Next, the trail is not a bike lane that’s part of a highway like most bike lanes. There’s a buffer which keeps it separate.
And the bike lane is paved, providing a very smooth ride.
At intersections or other areas there are very clear trail markers letting you know which way to turn and when to be extra cautious.
For situations when the trail must run next to the highway, there are safety bollards with illumination tape installed between the road and the trail.
It’s this attention to bicycling detail (and again, to the safety of bicyclists) that makes the Timpoochee Trail a pedaling paradise.
“This trail is very well liked and used by many people,” said Josh Ervin, beach maintenance manager for the county (no relation to Jon).
Take a casual ride on this trail and you can stop at several points. Check out the dune lakes. Rest in the shade of a wooded area. Or park the bike and walk up the boardwalks that stretch over the dunes to jump into the gulf and cool off. There are plenty of fun restaurants and cafes along the way for lunch or dinner.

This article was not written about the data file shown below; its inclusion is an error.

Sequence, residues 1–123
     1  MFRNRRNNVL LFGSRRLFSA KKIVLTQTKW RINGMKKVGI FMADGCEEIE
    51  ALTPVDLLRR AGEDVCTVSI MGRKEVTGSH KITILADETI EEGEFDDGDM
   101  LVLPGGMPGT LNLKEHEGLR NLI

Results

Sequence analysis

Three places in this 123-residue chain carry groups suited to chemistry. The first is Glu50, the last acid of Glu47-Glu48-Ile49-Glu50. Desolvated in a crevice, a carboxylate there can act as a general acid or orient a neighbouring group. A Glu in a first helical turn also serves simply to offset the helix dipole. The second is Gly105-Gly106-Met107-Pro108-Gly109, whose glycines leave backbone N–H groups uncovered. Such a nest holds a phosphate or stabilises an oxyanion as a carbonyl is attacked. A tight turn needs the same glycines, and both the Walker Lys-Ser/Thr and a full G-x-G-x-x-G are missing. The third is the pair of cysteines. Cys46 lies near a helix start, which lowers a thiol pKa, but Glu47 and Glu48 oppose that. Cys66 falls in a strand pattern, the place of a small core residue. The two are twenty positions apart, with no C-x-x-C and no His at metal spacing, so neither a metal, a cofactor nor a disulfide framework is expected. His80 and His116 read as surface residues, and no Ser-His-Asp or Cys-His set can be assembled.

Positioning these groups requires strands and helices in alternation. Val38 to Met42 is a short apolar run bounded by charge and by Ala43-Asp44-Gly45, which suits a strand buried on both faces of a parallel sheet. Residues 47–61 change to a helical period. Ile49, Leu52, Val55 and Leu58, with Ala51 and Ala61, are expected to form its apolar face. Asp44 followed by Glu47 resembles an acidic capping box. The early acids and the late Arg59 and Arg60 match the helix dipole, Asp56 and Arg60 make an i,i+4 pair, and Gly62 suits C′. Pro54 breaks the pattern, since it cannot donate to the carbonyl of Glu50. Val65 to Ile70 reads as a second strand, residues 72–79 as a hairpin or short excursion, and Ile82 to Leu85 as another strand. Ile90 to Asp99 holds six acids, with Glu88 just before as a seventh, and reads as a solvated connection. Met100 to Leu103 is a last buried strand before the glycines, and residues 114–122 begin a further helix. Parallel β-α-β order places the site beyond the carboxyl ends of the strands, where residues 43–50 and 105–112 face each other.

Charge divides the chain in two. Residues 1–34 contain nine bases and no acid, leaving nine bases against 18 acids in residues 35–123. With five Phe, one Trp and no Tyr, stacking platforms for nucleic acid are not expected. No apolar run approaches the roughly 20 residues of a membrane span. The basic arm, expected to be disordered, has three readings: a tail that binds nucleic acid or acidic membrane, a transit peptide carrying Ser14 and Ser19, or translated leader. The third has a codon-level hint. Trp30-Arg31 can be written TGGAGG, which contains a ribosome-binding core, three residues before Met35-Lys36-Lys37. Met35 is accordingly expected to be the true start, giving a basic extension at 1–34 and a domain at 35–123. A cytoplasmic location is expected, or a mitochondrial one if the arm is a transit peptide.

If you don’t have a bike, you can find several bike rentals places in town such as Big Daddy’s Bike Shop, Big Fish Bike Rentals, Sunny Days Bike and Beach Sports, 30A Bike Rentals and Yellowfin Ocean Sports.
For mountain biking, there are four state parks in Walton County plus Point Washington State Forest. That land covers 40% of the county and acts as a buffer between the coast and other residential or commercial areas.
Bicycle parking racks everywhere
To enhance their bicycle parking capabilities at the beach communities, South Walton recently added about 200 new custom bike racks they purchased from The Park and Facilities Catalog, a national distributor of bicycle parking racks and other site furnishings.